“Yo, Apprentice prez, what about the Daesh bizz,”
Snarked some intrepid “turd” from NBC.
“Depends on what you def of ISIS is,”
Retortled DJ Trump, without mercy.
Cepi moons, “There’s nothing wrong with DJ
That a steamy hamamin’ wouldn’t fix.”
Though an old poet, I felt oy vey!
(I thought of Midnight Express and Hands Blix.)
In a reverie, Cepi thought he heard,
“A Trump Tower along the Bosphorus,
between the two grand mosques preferred,
and just catering to the prosperous.”
The press keeps pressing for lit’ral meaning
(something they never bothered ‘bout before)
like asking a rooster why he’s preening,
A totally worthless thankless chore.
-John Kendall Hawkins
By John Kendall Hawkins
…but now I know
That twenty centuries of stony sleep
Were vexed to nightmare by a rocking cradle,
And what rough beast, its hour come round at last,
Slouches towards Bethlehem to be born?
– W.B.Yeats, The Second Coming
Hive-mindedness seems to be growing — at the same time that bees are heading towards kaputzville. DARPA’s got a fix for the bees, they say. Then again, (D)ARPA gave us the Internet, which is where the hivemind is located. On the other hand, Al Gore ‘claims’ to have invented the Internet. Some people say he invented Climate Change, too. Riddle me this: If a guy can be that clever, then how come he can’t win his home state in 2000, without the need to blame Nader? And how come Watergate felon Charles “Dirty Tricks” Colson can be given back his voting rights by Jeb, but not all those Black voters? Is there a koan in a haystack locked up in all this? Or is it all rhetorical?
End Days thinking really, isn’t it? You gotta tamp that bong shit down. Anyway, I was thinking if Christ came back to Earth today, all swaddled again, which three Wise Men would show up in Bedlamhem to report on it. Would it be Old Schoolers like the New York Times, The Guardian, and The Washington Post? Or would it be the Upstarts — Amazon, Google, and Facebook?
Some things are certain: they are all pushers, dealing in cut info, trying to slide you into that crystal blue persuasion dream; and they are all in it for the frankincense and myrrh, baby. And all of them are spies for the Mighty Whitey, either directly or in- in- indirectly. And God help us if He came back black: They’d up and lynch Love all over agin’. Eternal recurrence, amor fati, my ass, Mr. Nietzsche.
By John Kendall Hawkins
“Stark Raving Dark.”
John Griesemer, No One Thinks About Greenland
“I loved you, I was a pentapod monster, but I loved you.”
Vladamir Nabakov, Lolita
According to WebMD, Epstein-Barr Syndrome is the virus that causes monomaniacus. Nicknamed “mono,” or “megalo” if you’ve got it bad, it’s a “kissing disease,” and you must be careful because, as with Herpes, that wonderful messenger god, you’ve probably got it and don’t even know. Lots of people carry the virus but don’t get sick and tired of it, onaccounta they like kissing so much.
There’s all kinds of kissing. French Kissing involves passionate intensities and a little swashbuckling franca lingua, and a wink at Macron’s ‘still shapely’ wife. With Kim Kissing, you lock your tongue behind your partner’s molar until a signal occurs, say a pussy grab, at which point you try to remove the tongue — only to have it seized by totaritalian teech that plomise to nevel ret you go. There’s the Putin-Putout Kiss (aka, the Assange Maneuver), where you hack into your lover’s mouth with your tongue and unfurl a mickey onto their tongue in an effort to influence a presidential erection. With the Hong Kong Kiss your partner beats their tongue against your Great Wall of teeth and then breaks through like Genghis Khan — but in a good way. And there’s Curtsey Kissing, just a simple bow, and a whispered offer to sell you, say, the Kaaba, at members rates, if you don’t mention Istanbul.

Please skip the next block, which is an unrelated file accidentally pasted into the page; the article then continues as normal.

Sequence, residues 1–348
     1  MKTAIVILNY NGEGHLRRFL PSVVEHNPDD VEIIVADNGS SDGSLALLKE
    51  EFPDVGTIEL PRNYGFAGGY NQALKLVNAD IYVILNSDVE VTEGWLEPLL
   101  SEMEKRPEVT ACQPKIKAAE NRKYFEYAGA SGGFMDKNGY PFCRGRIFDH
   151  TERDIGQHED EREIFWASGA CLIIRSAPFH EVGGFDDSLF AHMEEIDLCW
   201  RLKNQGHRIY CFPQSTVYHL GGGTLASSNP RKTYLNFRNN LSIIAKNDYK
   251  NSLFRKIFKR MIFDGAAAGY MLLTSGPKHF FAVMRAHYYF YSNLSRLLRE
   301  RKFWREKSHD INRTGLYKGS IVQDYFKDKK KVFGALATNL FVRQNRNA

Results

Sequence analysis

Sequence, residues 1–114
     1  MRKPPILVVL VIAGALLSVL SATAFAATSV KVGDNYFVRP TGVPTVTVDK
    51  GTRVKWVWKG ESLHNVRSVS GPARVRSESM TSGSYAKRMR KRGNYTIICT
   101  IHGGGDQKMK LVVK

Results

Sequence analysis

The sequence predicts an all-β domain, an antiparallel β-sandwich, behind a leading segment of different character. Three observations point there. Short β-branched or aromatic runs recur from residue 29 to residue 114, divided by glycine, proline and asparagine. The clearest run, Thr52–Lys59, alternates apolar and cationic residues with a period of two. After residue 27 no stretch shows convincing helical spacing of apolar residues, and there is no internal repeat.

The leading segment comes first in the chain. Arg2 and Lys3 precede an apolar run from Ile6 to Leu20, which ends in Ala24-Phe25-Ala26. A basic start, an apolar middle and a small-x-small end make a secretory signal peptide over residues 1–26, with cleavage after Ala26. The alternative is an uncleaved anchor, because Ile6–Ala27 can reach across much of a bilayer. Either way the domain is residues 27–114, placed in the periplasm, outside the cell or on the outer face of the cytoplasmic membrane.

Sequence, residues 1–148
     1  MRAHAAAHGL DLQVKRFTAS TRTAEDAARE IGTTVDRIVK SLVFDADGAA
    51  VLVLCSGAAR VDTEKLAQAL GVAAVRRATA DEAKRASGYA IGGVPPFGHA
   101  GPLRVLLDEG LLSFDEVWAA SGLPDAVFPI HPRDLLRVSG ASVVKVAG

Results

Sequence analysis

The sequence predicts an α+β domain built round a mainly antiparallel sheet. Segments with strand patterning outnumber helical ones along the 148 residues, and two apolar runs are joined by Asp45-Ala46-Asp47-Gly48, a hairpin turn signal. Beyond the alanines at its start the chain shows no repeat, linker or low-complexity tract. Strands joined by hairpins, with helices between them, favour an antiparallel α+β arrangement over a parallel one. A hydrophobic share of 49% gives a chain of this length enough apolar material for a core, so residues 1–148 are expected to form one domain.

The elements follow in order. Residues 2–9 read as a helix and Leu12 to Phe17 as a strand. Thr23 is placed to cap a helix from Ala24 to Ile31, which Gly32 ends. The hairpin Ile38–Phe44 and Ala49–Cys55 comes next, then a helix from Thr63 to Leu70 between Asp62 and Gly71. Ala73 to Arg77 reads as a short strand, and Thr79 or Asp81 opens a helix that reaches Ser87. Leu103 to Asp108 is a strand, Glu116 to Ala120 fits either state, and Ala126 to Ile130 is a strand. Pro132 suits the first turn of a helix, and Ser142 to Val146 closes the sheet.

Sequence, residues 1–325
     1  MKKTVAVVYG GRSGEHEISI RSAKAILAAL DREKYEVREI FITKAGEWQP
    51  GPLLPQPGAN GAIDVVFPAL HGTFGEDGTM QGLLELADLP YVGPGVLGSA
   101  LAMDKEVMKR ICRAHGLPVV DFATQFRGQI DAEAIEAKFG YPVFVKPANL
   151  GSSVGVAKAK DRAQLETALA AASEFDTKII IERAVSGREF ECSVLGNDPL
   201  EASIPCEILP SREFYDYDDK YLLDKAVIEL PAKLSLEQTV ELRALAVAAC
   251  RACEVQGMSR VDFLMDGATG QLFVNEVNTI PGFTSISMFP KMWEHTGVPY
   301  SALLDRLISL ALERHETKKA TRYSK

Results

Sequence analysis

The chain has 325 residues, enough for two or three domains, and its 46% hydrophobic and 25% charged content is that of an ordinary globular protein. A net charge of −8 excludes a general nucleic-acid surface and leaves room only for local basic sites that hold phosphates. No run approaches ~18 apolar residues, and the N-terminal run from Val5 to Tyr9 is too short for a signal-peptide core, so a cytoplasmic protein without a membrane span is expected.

There’s even Greco-Roman kissing that involves tongues wrassling in sloppy spit, a Trump favorite from his Bruno Sammartino days — two empires reliving classical ecstasies.
Such wanton kissing brought to mind, of all things, Greenland, which has been in the Media lately. The permafrost is melting, all that sweet Greenland icing floe-ing down; the natives are muffing terrified. And it’s not enough, any longer, for them to snog, nose-to-nose, in the six-month darkness, throwing empty beer bottles at the moon. Catastrophically depressed, sitting there, like Kiekegaards, in a clean, well-lighted place, juke-boxes pushing out “Quinn the Eskimo,” now seeming ironic, given the melt. It couldn’t get worse, but then it did, when Donald Trump created another shit storm (rather than a preferred snowstorm) by announcing he wants to buy Greenland, Jacob Riis-like tenements and all. Let’s just say, not everyone jumped for joy when St. Grobian showed up instead of Quinn.
The Danes said “No,” explaining Greenland wasn’t theirs to sell, and wondered out loud if Trump was joking, or just mad. Trump pretended to be insulted, megalo-style, and claimed something was rotten in Copenhagen, and that — ally or not — maybe Denmark was a shithole after all. Then cancelled his plans to visit there next month. To further tease and tweak the tensions, he tweeted with an image displaying an enormous golden Trump Tower set amidst his would-be ‘regentrification’ project. A terrifying image that set local teeth chattering, as the tower wore no condom. Trump’s interest: gold, gems, precious minerals — a titular one-percenter’s notion of a silver lining to the global meltdown. Oh, what a world.
Kisses, islands, monomaniacs. It was probably a coincidence that Trump brought up Greenland, not long after Jeffrey Epstein committed suicide. There was a shock value to it that seemed usefully distracting. The h8ful media converged on Trump. What did he know about Epstein and when did he know it? Long ago, he told New York magazine, “‘I’ve known Jeff for fifteen years. Terrific guy…He’s a lot of fun to be with. It is even said that he likes beautiful women as much as I do, and many of them are on the younger side….’” But now Trump’s “no fan” and he advises the pressing press to “Find out the people that went to the island.” Classic deflection.